Thursday, November 24, 2022

The Mystery vs. the Mysterious

 I was reading a poetry book and very much enjoying it. The writing was crisp and the language enthralling. But I had a nagging sense that I wasn't giving it 100%. As good as the poems were, there was something missing. And it was not the first time I've encountered this feeling. 

I  don't need to identify the book or author;  this isn't a critique of her book. As I say, the problem I was having is not unique to this one book — I encounter it a lot. What bothered me this time was that the book was so good, I wanted the poems to succeed completely, but they stopped just short. 

The problem is that the poems do a wonderful job of communicating that sense of  the mysterious — the omen, the shadow — that haunts the narrator. But what is missing are sufficient clues to the specific mystery that is at the root of the poem. You are left with a deep sense of impending doom but no clarity about what the actual danger is lurking in the fog. 

As I say, this is not an uncommon problem in modern poetry. Young poets do it all the time. (I know I did it in my early poems and probably am guilty of it occasionally even now.) But usually it is just one of several issues with novice writers so even the sense of something mysterious afflicting the narrator seems staged or artificial. In this case, the poems were so good, the overall emotional draw so complete, the work survives and even thrives without any specifics on what drives the poem, the engine behind the drama. But even then, after four or five poems you begin to wonder if there really is anything back there. Is it real or is the author just pressing buttons and pulling levers behind the curtain?

Saturday, September 3, 2022

What I am reading: Turn Up the Ocean by Tony Hoagland

 Tony Hoagland was one of the highlights of American poetry over the past thirty years, His precision, humor, and deeply human world view make him a must-read in a crowded field. Unfortunately, Hoagland died of cancer in 2018, leaving a very noticeable hole in the panorama of America verse.

What particularly stands out in Hoagland's work is its consistent excellence — from his very first book, Sweet Ruin, until the poems dealing with his imminent demise in Priest Turned Therapist Treats Fear of God, which was published the year of his death. The clarity of vision and mastery of language is there from beginning to end.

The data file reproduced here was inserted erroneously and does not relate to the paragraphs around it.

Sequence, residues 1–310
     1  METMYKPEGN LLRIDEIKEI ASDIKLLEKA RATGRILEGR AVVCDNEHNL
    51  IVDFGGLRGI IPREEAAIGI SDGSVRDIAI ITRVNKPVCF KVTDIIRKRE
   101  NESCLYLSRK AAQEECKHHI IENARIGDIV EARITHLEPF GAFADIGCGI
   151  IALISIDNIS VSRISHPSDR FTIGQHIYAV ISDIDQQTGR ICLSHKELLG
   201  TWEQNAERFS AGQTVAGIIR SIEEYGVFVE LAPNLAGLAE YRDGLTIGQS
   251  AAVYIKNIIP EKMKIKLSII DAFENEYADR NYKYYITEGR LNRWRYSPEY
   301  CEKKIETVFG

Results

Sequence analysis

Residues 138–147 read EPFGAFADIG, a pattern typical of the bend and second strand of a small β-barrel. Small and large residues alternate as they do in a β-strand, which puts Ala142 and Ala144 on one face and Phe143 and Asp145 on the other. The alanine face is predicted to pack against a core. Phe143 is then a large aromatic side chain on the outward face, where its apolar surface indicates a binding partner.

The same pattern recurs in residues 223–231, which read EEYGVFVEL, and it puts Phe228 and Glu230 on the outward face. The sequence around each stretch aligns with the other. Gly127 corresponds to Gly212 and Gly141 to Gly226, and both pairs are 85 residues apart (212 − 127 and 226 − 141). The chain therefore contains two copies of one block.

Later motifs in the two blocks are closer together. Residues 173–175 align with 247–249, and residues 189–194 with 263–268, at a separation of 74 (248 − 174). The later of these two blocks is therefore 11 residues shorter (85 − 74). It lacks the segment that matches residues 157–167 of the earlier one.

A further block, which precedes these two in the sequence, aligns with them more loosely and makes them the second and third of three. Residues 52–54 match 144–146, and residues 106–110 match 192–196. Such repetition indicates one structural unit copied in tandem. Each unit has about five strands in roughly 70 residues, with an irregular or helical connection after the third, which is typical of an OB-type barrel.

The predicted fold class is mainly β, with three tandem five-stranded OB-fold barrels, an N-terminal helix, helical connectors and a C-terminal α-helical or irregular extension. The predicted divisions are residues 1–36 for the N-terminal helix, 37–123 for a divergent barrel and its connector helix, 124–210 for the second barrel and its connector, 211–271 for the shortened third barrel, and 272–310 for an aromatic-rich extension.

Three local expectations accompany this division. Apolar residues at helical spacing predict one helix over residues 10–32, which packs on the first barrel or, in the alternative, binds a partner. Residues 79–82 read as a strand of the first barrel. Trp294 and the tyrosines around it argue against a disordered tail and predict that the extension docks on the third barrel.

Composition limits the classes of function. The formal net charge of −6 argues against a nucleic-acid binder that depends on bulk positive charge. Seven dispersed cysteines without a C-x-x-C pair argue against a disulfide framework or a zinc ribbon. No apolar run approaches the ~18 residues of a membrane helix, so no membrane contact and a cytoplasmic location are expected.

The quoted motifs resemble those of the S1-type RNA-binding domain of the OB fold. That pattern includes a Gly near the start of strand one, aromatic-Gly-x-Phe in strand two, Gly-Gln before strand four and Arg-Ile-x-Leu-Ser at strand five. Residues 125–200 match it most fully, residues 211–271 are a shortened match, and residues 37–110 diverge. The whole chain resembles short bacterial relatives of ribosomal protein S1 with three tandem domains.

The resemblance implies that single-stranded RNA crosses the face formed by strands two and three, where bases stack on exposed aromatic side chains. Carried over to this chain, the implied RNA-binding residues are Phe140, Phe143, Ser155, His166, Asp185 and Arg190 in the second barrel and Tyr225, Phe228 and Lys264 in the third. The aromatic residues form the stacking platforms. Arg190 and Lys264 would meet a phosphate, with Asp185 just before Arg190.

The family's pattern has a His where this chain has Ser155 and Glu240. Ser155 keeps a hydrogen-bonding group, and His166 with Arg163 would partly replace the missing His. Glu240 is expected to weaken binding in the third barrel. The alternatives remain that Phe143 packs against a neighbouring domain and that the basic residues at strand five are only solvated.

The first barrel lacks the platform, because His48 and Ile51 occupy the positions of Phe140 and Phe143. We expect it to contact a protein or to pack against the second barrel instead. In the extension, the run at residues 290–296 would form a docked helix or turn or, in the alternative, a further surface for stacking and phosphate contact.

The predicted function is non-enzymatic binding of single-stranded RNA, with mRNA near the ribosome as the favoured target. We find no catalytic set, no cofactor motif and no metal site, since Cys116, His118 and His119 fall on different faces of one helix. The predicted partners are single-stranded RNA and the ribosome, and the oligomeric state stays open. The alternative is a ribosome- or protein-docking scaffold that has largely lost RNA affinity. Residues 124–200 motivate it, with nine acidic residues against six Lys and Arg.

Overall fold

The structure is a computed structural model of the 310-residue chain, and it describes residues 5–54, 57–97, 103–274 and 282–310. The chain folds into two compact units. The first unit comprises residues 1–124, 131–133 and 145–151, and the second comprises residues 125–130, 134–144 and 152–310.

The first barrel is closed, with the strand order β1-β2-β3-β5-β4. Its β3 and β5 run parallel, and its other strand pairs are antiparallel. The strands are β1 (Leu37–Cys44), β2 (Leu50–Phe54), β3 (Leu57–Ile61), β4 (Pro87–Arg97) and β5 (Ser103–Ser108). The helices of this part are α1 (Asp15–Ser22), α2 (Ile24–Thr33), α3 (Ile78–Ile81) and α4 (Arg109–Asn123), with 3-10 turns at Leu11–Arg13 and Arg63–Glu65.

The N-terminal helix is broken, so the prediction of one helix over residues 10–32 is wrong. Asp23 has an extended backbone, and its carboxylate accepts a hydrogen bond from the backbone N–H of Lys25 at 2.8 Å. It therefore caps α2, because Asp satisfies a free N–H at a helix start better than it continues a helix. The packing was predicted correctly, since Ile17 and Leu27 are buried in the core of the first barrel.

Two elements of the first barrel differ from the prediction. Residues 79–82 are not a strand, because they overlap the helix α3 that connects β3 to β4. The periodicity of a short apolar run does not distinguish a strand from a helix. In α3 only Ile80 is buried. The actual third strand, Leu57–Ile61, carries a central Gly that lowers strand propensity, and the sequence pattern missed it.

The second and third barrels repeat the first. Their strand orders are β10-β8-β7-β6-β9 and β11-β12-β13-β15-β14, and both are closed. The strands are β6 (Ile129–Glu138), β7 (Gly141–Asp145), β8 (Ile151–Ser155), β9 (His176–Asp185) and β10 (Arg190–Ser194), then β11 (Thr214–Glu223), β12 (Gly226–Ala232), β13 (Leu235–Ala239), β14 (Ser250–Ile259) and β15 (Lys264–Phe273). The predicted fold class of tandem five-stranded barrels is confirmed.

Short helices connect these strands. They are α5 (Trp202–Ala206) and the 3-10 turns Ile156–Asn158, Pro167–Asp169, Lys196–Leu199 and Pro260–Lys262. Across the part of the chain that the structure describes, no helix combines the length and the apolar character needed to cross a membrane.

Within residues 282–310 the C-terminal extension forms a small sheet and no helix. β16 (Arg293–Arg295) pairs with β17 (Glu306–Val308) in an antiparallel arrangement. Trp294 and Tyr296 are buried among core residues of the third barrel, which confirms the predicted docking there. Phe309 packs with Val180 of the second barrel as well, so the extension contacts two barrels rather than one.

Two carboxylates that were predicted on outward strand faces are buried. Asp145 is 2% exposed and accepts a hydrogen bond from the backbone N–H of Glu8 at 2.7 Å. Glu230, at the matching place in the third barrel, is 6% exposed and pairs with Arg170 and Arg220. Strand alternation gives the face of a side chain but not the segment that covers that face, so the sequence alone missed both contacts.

At the time, I had assumed Priest Turned Therapist was his last book. However, it turns out Hoagland was working on a manuscript of additional poems, called Turn Up the Ocean, until his death. This compilation was completed by his wife, Kathleen Lee, and recently published by Graywolf Press. Which is good cause for both surprise and excitement. 

Any new Tony Hoagland book is an event to be celebrated. His poems are inspirational both in content and their mastery of language and poetics. And Turn Up the Ocean is no exception. 

 These are most definitely Tony Hoagland poems. There is the characteristic melding of epic subjects (life, death, etc) with colloquial American idioms. There is the exacting rational structure of thought interspersed with wild leaps of imagination. And, of course, his idiosyncratic and very personable narrative persona.

But as much as I am enjoying the poems in this book, there still seems to be something missing. Not missing necessarily... changed, let's say.

It's not that the poems are unfinished or incomplete as much as they emanate from a different locale than his previous books. 

There are three differences I noticed in this book from his previous work:

  • No dillydallying. These poems get straight to the point. Hoagland's previous works have a predilection for reveling in the joy of language, playing around a bit before settling in on the actual topic of the poem. The new work gets right to business and pushes ahead, with few diversions.

  • Finished, but not complete. In some cases, the poems are not as fully developed as you might expect. What's there is complete, but you get the feeling he loosened up on his usual precision and thoroughness in favor of being done. For example, the poem "'On a Scale of 1-10' Said the Nurse, 'How Would You Rate Your Pain Today?'" which riffs on potential examples of each level of pain, somehow skips from level six to eight. Uncharacteristic for Hoagland. Almost as if he had a stanza for number seven planned, but not ready enough for inclusion.

  • Reality does not always allow for certainty. Perhaps the most notable aspect of the latest poems is a diminution of Hoagland's pervasive optimism. It is one of the hallmark's of his poems — no matter how dark they may get, there is a persistent sense of positivity. Even if it is only from learning hard lessons, it is — at its heart — a form of learning and moving forward. However, many of these poems end more with a sigh than with a snap. The certainty is washed out of them and acceptance is more often the conclusion. 

The fact is, writing poems while dying must be hard work. And although darker than his previous work, these poems are an essential part of Hoagland's poetic journey and his legacy. And as such, deserve to be treasured.

Thursday, September 1, 2022

Some Wonderful First (and Last) Books

I recently reread Linda Orr's A Certain X. I remember enjoying it when I first read it years ago. But age has a way of distorting one's view and youthful enthusiasm can look awkward in retrospect. So I was pleasantly surprised at how much I like the book now. Perhaps more than I did before.

A Certain X is really a wonderful book, full of insightful, surprising, and touching poems. Which led me to ask —  what other books of poetry has she published? To my surprise, the answer appears to be none. If I am not mistaken, she has published two scholarly works, but no other poetry. Which is a shame.

Which led me to another question: I wonder how many remarkable first-and-only books I have? Two I can think of right away — which are a couple of my all-time favorites — are The Touch Code by John Love and If the River's This High All Summer by Martha Fritz. Touch Code, in particular, is a totally unique book with a frenetic energy and sense of play like no other. But again, it appears to be Love's only book of poetry.